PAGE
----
All three prototypes participated in a test that was divided into two parts. The first part took place between the 7th of March and the 10th of July, 1960 with prototypes 2 and 3 participating, the second part took place between the 26th of January and 20th of May, 1961 with prototypes 1 and 2 taking the tests.

As a result of these tests, changes were made to two prototypes (Object 430-2Z and Object 430-3P) and these modified vehicles were renamed to “Object 430M-1” and “Object 430M-2”. In the end the testing committee concluded that the Object 430 medium tank fulfilled all the required criteria and was ready for mass production, but the design had one major flaw that would in the end prove fatal: it did not significantly improve on the performance of the T-54.


At the same time, the Object 165 and Object 166 trials took place – these two vehicles (which would enter service under the designations T-62A and T-62) had one major advantage: they did not require a significant overhaul of production lines, due to the use of previously developed methods and components from the T-54.

As a result of these trials and the lack of significant performance improvement over the T-54 medium tank, the Object 430 project was terminated on the 17th of February, 1961 by Order of the Council of Ministers of the Soviet Union No.141-58. The T-64 temporary designation would then pass on to the Object 432 medium tank, which would later on be produced under the same name.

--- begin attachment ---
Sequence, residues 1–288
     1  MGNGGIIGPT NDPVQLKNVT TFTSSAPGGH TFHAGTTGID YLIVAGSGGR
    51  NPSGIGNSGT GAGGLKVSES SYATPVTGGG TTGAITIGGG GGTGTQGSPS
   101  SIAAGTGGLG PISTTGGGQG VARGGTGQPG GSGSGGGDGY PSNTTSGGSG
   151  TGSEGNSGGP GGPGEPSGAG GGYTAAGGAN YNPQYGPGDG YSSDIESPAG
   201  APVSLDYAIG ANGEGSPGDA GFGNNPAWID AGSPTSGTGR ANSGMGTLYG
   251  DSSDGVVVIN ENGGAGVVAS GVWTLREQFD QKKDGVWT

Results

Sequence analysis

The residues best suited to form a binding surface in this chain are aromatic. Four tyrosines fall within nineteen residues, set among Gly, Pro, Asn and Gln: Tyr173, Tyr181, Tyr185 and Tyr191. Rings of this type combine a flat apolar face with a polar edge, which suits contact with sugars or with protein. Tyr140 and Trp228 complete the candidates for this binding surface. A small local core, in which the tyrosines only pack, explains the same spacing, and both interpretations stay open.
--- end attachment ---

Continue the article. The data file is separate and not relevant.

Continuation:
In Armored Warfare

In Armored Warfare, the Object 430 is a tier 3 premium Main Battle Tank. Its premium status means it has no upgradeable modules, although it can be upgraded with one retrofit (Universal slot). Its armor is average for its tier – it is extremely well sloped and the frontal turret is quite tough, but it lacks the HEAT-stopping capabilities of the T-64 frontal composite armor and can be penetrated by higher tier guns such as the 105mm L7 and its variants, and by the 115mm smoothbore found on the T-62. Its 990 hit points, however, offer players an above average survivability for a tier 3 vehicle.


The vehicle’s mobility is on the average side as well, with roughly the same properties as the T-64. Its 580hp engine allows it to go as fast as 55.8 km/h, and it can accelerate to 32 km/h in 8.5 seconds.

However, the Object 430 is well-armed with a 100mm D-54TS (also known as U-8TS) rifled gun. It can fire AP, HEAT and HE shells with the following characteristics:

  • Armor-Piercing: 233mm penetration, 262 damage, 1200 m/s muzzle velocity
  • HEAT: 193mm penetration, 288 damage, 750 m/s muzzle velocity
  • HE: 17mm penetration, 295 damage, 500 m/s muzzle velocity
  • Rate of fire: 7.5 rounds per minute
  • Reload time: 8 seconds
  • Aiming time: 3.9 seconds
  • Gun depression: -6/+14

The slow aiming time and average accuracy make the vehicle more of a brawler than anything else. The armor-piercing shells are useful against a wide range of targets while the HEAT shells can wreak havoc on enemies with thin armor.

If you like to fight up close and personal, the Object 430 is the ideal premium tank for you.